Referring now to FIG. 3, a graph of the output voltages from winding means 10 and 12 with respect to the RPM shaft 28 will now be discussed. The symbol V12 is used to designate the output voltage across lines 1 and 2 from first winding means 10 and while the symbol V34 designates the output voltage from second winding means 12. As can be seen from FIG. 3, the line designated by reference number 30 indicates a plot of the output voltage V12 with respect to RPM. Reference number 32 indicates a plot of voltage V34 with respect to RPM, while reference number 34 indicates a plot of the sum of V12 plus V34 with respect to RPM.

In the preferred embodiment of the present invention it is desired to maintain the peak input voltage to regulator means 16 at a level not to exceed approximately 30 volts. As the drive means which is coupled to shaft 28 begins to rotate from a 0 RPM level, windings 10 and 12 are connected in a series aiding configuration by control means 14 in order to produce the maximum obtainable output voltage equal to the output voltage across conductors 1 and 2 plus the output voltage across conductors 3 and 4. Reference number 34 indicates the slope of this output voltage with respect to RPM. If electronic circuitry such an electronically controlled governor for a diesel engine requires a minimum operating voltage of 12 volts, it can be seen that an RPM of approximately 200 will enable the present invention to produce this required operating voltage. As the RPM increases to approximately 500, the output voltage from control means 14 will approach 30 volts. Since 30 volts is the desired maximum input voltage to regulator means 16, the electrical circuitry within control means 14 will actuate switching means within control means 14 at the voltage indicated by reference number 36 to disconnect second winding means 12 and to couple only output voltage V12 to the input of regulator means 16.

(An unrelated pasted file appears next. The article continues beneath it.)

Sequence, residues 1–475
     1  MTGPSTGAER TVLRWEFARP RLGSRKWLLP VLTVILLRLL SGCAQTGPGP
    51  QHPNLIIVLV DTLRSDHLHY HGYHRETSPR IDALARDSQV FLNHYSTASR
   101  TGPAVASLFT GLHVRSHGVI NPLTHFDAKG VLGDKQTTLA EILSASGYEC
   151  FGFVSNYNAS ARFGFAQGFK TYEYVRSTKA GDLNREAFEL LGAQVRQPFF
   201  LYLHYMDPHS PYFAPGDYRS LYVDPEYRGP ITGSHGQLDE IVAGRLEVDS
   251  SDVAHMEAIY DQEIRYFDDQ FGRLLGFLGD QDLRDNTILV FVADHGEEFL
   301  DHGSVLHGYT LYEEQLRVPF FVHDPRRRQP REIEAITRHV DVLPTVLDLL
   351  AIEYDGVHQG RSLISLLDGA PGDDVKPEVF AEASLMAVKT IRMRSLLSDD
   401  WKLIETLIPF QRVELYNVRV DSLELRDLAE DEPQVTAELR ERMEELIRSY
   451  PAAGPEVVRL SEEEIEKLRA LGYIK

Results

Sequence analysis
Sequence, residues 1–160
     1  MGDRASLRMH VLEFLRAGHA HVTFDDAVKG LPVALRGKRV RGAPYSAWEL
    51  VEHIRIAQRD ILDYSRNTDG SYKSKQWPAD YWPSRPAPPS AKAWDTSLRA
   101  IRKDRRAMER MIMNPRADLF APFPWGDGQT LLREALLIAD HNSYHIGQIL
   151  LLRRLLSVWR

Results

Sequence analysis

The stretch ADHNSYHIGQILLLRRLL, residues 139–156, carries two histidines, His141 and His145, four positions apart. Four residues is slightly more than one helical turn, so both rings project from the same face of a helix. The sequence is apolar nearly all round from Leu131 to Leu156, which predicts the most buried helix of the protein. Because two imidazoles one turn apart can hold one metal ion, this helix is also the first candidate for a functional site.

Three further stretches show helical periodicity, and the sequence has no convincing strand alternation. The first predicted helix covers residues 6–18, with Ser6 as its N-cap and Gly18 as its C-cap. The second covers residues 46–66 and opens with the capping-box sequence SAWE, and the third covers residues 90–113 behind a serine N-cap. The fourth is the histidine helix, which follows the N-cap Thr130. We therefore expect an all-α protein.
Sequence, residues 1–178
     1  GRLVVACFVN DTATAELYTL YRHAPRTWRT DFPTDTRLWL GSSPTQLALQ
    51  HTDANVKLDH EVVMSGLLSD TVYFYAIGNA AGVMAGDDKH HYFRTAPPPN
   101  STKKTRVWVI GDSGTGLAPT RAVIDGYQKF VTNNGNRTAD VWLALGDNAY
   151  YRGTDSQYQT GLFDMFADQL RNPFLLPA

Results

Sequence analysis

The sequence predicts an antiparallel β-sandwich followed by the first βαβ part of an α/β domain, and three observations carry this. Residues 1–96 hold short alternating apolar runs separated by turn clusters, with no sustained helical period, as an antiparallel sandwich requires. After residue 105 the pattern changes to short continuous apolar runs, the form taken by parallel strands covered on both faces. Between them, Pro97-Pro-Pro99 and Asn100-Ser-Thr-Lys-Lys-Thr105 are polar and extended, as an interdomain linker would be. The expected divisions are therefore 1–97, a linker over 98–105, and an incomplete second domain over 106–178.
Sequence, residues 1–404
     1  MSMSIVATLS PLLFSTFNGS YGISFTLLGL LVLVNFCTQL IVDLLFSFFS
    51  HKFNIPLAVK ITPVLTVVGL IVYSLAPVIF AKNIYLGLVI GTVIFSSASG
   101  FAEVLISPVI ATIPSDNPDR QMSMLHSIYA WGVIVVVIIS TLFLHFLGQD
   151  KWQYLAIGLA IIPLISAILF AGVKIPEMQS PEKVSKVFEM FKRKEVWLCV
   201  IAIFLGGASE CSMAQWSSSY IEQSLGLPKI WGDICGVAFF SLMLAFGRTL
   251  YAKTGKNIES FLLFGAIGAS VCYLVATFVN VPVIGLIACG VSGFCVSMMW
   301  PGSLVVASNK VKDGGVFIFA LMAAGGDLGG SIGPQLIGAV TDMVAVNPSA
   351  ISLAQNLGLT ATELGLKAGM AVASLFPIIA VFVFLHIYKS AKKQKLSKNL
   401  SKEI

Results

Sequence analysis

Once again, as the shaft RPM increases the output voltage V12 from control means 14 will increase until it reaches the maximum desired output voltage at a point indicated by reference number 38. At this point, control means 14 will once again actuate its switching means to disconnect winding means 10 and connect winding means 12 in order to produce a voltage equal to V34 at the output of control means 14. As the RPM of shaft 28 continues to increase output voltage V34 will slowly continue increasing, but at a relatively low rate.

Referring now to FIG. 4, the operation of the switching means within control means 14 will now be discussed. The electronic control for switching means illustrated in FIG. 4 will be discussed below in connection with FIG. 5.

The switching means of the present invention includes a pair of relays K1 and K2. Relay K1 includes a pair of normally open contacts 40 and a pair of normally closed contacts 42. Relay K2 includes a pair of normally closed contacts 44 and a pair of normally open contacts 46.

Referring now to FIGS. 4 and 5, the switching means which controls relay K1 and K2 includes voltage comparator circuits 48 and 50. The input of each voltage comparator circuit may be coupled to the output of either winding means and in the preferred embodiment is coupled to the output of winding means 12. The structure and operation of voltage comparators 48 and 50 is identical and for the purposes of explanation, the operation of only one of these will be discussed.